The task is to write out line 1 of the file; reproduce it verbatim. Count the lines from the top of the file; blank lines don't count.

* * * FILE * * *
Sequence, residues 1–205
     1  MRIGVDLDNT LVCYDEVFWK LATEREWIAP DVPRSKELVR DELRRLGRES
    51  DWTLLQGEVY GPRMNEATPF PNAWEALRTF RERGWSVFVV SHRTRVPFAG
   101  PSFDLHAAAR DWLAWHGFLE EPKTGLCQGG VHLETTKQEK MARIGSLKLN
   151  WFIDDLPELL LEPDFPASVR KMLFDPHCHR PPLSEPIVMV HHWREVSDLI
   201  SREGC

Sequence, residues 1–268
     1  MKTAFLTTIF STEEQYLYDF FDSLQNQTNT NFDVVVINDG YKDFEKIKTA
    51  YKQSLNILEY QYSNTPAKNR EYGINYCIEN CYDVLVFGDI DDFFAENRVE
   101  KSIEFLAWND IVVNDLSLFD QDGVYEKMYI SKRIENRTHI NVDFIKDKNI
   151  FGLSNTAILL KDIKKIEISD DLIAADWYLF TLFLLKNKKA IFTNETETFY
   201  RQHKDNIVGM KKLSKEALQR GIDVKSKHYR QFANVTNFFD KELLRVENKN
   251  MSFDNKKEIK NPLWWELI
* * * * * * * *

Sequence, residues 1–205